The International Bunker Industry Association (IBIA), with support from BIMCO, launched an extensive online survey in February 2022 to identify to which extent the maritime industry stakeholders believe there is a need for a wider adoption of bunker licensing schemes, mass flow metering (MFM) and transparency to improve market conditions.
As IBIA said, “the answer – for the most part – is yes.” More specifically, the survey revealed that a vast 91.5% majority agreed that there is a need for increased transparency between bunker suppliers and buyers.
Looking to the case of Singapore, they seemed to agree that the introduction of a Bunker Licensing Program (74.5%) and mandatory use of MFMs (76%) have had a positive impact on the bunker market in the port.
About half of the respondents assumed introducing these measures will result in fewer suppliers and nominal increased bunker prices, but not a huge price increase.
Alexander Prokopakis of probunkers and Chairman of the IBIA Working Group highlights that:
There is a clear support among the respondents towards building further transparency and compliance within the shipping and bunkering industry, despite the underlying expectations of increased premiums and enhanced competitive landscapes
In addition, BIMCO’s Head of Marine Environment, Aron Sorensen, commented that “bunker licensing and properly certified and used MFMs can build transparency and trust in the bunker sector, improve market conditions, and help build a level playing field for quality operators. The survey findings show this is what the industry wants, and it seems an investment worth making to help raise the standards and ensure transparency.”
#1 Quality focus and discipline works
- Since the authorities implemented a mandatory use of flowmeters, we have experienced a significant decrease in the amount of quantity claims;
- All non-compliant suppliers have relocated their operations to neighboring ports, Hong Kong or similar, where the amount of quantity claims now appears to be rising;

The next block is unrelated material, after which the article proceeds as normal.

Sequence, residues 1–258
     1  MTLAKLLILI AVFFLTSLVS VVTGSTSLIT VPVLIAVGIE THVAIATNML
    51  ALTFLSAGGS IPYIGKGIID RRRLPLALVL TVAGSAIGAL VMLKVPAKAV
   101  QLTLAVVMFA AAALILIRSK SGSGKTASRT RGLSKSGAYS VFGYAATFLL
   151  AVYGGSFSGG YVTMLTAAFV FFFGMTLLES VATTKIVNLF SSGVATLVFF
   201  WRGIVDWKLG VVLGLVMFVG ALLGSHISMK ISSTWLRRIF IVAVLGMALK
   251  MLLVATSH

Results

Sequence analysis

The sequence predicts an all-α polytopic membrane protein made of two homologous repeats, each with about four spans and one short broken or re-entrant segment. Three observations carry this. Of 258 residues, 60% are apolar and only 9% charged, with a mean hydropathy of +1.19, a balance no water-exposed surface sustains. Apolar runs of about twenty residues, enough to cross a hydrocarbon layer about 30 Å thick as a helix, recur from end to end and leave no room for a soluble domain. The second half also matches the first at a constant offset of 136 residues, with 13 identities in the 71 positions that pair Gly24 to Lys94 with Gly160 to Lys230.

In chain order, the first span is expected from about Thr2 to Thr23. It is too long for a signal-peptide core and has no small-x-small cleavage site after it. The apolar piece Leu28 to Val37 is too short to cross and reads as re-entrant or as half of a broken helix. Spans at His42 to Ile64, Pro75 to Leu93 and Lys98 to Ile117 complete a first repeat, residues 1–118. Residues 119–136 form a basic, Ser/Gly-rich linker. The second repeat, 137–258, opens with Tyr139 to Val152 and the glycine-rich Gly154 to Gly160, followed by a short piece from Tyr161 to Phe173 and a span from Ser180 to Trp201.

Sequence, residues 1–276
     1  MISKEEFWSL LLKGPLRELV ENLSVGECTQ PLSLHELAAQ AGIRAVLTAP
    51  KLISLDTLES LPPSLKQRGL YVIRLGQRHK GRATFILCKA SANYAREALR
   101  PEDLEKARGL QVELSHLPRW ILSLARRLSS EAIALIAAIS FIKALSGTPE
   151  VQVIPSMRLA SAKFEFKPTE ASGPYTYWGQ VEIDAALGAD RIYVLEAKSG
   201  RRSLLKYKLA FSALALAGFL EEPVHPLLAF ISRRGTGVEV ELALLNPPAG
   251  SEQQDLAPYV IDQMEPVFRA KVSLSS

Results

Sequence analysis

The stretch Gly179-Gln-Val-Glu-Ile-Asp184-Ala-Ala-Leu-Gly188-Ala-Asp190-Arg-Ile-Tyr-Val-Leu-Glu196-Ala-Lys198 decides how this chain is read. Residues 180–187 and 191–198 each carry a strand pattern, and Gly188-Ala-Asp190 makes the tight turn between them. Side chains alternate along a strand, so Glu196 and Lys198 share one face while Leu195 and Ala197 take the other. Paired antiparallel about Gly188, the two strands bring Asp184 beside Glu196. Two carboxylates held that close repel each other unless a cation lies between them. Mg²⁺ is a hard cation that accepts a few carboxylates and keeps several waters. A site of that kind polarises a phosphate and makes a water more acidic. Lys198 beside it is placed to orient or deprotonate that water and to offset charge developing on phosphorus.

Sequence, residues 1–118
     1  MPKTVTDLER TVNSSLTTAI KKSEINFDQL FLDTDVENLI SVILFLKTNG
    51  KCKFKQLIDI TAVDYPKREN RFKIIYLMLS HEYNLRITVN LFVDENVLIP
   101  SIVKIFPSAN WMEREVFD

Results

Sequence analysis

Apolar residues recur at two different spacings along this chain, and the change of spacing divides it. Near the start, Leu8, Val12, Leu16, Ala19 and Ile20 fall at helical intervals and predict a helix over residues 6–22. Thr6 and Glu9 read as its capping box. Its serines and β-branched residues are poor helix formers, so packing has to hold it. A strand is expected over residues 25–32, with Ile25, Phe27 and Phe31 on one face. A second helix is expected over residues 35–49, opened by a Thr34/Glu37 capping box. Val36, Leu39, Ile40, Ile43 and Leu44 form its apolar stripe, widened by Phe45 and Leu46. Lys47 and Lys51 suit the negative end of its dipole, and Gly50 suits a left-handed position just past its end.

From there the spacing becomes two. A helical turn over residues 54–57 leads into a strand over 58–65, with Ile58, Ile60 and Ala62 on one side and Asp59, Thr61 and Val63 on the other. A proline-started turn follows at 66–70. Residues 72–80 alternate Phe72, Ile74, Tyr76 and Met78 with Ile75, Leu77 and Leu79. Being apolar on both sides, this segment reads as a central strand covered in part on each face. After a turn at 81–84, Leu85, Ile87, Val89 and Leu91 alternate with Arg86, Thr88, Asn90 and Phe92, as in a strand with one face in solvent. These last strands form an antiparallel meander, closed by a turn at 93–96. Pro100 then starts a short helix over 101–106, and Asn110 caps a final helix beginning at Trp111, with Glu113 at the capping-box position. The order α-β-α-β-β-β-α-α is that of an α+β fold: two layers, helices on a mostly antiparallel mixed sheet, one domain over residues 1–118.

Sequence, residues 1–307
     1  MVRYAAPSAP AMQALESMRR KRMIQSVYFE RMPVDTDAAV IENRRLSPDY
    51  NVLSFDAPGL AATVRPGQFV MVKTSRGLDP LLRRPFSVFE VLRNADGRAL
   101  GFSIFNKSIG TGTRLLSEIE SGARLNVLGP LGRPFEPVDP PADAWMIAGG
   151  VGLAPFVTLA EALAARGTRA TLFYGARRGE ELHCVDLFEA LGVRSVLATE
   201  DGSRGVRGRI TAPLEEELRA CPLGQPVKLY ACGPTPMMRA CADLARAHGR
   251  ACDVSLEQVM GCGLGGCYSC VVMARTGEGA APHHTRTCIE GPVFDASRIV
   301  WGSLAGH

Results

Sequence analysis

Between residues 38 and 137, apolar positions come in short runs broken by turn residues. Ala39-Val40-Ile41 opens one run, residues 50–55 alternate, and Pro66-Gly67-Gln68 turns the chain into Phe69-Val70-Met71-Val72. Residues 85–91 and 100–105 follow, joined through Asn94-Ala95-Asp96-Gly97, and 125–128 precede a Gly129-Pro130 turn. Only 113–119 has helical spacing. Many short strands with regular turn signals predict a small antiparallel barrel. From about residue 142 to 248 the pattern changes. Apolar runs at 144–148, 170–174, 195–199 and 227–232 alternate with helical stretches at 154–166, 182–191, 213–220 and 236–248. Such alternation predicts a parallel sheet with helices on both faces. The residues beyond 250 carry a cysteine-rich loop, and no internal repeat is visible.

- The local authorities in Singapore are providing subsidy schemes for suppliers wanting to install a flow meter;
- The Maritime and Port Authority of Singapore (MPA) is involved in case of disputes, and sends a representative onboard the implicated vessel if issues arise;
- Despite mandatory use of flowmeters, some customers may still request compensation due to commercial relations.
#2 Change is possible
- The IMO2020 transition emanated from ideologic incentives and was considered successful because it applied to all actors within the shipping and bunkering industry;
- Up to 2020, there was significant doubt as to the success of the transition, availability of products etc., but it was brought to shame by an industry who came together;
- The key to success was regulation and governance. With these going hand in hand, there was a level playing field aiding the successful implementation;
- This constituted the largest change to the bunkering industry since the change from coal to oil, and it was made possible.
#3 The industry calls for enhanced transparency
- There is a strong incentive to build and solidify trust and compliance in the industry;
- The survey shows that market players desire enhanced transparency and control, despite the overall expectation of facing price increases;
- Further regulation must be established to create and sustain transparency;
- Given the extent and complexity of such industrial measures, financial incentives are difficult to establish and cannot solely justify change by themselves;
- This calls for an ideologic approach to “(re)branding” the industry, rather than an economic one.
Leave a Reply